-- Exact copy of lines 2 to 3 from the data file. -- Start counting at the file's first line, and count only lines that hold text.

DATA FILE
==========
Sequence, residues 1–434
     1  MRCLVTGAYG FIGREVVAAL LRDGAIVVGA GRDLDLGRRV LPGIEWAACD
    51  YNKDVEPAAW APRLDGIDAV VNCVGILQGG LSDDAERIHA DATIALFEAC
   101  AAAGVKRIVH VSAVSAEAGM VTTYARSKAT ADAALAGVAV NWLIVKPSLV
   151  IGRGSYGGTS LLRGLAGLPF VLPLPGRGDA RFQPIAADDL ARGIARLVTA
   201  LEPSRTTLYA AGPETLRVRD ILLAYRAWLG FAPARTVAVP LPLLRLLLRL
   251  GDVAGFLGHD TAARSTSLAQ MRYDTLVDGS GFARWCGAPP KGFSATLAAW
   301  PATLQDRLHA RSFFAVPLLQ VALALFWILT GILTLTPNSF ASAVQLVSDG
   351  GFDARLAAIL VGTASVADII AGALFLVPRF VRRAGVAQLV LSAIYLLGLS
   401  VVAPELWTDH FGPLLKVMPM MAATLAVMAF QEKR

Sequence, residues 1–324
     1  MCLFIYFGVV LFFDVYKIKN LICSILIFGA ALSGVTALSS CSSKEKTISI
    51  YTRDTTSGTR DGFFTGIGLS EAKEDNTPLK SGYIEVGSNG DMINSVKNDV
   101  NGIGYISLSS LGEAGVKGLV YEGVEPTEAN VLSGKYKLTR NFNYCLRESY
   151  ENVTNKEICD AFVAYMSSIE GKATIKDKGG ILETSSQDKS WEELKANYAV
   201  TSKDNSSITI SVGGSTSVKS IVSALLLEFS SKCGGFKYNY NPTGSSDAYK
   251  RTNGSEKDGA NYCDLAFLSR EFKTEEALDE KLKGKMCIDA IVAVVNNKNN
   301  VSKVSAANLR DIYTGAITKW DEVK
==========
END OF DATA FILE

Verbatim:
     1  MRCLVTGAYG FIGREVVAAL LRDGAIVVGA GRDLDLGRRV LPGIEWAACD
    51  YNKDVEPAAW APRLDGIDAV VNCVGILQGG LSDDAERIHA DATIALFEAC